Results: Cyclic Meditation has produced a highly significant reduction in stress level, whereas this reduction was not found significant within SR group. There was a significant improvement in health index ‘Integral Area’ values in both left and right sides within the CM group while only IA right side showed a significant improvement within the CM group. The integral entropy value right side decreased significantly within the CM group, whereas IE left was found deteriorated within the SR group. Moreover, only IE left side has shown a significant difference between the groups.

Conclusion: The investigations in this study suggest that Cyclic Meditation practice reduces stress and improves psychosomatic health indices more effectively than Supine Rest in managers.

http://www.ncbi.nlm.nih.gov/pmc/articles/PMC4969271/

 

Improve Heart Failure Treatment Adherence with Spirituality

 

By John M. de Castro, Ph.D.

 

“Given the mechanism by which we think religion/spirituality influences physical health, i.e., through psychosocial and behavioral pathways, and the strong influence that psychosocial and behavioral factors have on risk of developing cardiovascular disease, there is no medical condition that R/S is more likely to influence than CVD.” – Fernando A. Lucchese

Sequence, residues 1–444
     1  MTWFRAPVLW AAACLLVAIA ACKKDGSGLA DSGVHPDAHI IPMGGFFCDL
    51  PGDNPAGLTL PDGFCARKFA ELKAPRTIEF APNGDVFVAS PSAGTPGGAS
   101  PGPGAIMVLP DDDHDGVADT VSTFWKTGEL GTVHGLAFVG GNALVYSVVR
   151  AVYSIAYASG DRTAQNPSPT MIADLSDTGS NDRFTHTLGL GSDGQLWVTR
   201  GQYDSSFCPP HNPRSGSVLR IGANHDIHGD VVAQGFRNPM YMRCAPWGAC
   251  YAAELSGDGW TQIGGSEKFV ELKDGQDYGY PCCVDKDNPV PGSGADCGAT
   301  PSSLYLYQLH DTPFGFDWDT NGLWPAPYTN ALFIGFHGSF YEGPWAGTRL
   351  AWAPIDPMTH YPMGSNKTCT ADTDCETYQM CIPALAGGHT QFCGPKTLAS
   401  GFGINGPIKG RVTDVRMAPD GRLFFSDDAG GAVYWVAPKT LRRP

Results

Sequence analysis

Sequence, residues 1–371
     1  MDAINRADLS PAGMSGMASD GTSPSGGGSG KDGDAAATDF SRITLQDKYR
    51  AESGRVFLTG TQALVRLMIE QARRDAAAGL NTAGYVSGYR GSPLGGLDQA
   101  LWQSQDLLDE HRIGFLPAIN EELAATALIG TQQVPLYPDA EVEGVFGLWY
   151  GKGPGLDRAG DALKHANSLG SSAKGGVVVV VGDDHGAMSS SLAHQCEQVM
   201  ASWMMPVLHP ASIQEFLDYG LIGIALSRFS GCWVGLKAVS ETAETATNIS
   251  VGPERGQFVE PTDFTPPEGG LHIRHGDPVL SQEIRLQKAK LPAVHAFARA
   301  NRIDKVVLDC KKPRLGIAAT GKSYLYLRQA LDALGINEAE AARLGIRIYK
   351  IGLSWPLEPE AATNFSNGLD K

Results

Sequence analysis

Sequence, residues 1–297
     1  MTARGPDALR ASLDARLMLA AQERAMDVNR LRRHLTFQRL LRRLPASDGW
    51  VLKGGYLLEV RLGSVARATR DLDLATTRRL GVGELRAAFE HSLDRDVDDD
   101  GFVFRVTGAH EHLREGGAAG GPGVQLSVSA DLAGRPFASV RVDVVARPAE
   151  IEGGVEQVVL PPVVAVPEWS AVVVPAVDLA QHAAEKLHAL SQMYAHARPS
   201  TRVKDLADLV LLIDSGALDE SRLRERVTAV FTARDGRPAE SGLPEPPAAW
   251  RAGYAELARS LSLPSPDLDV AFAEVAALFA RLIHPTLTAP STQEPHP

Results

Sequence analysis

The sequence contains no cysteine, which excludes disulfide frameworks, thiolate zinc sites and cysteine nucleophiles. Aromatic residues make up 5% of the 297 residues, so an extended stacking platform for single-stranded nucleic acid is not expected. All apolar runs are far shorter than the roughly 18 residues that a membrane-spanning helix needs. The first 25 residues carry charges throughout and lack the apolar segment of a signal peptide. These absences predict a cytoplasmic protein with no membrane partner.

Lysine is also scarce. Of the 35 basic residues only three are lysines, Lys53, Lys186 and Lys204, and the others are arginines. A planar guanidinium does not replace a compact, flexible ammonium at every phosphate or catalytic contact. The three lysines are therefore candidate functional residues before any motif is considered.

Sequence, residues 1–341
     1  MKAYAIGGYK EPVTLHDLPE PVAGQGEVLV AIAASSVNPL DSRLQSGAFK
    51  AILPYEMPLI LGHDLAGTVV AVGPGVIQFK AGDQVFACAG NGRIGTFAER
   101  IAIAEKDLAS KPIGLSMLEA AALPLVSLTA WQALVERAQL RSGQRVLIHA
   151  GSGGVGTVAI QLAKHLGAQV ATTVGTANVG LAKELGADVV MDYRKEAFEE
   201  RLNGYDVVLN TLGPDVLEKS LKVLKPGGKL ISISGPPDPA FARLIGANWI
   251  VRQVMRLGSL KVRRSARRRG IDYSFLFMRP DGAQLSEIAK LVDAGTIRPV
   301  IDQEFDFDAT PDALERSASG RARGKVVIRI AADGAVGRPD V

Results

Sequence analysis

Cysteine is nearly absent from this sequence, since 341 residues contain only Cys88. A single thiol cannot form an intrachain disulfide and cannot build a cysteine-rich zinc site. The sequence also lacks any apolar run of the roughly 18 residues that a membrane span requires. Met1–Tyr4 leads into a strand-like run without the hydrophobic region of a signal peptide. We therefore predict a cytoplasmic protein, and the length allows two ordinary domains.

Cardiovascular disease is the number one killer, claiming more lives than all forms of cancer combined. “Heart disease is the leading cause of death for both men and women. About 610,000 people die of heart disease in the United States every year–that’s 1 in every 4 deaths. Every year about 735,000 Americans have a heart attack.” – Centers for Disease Control.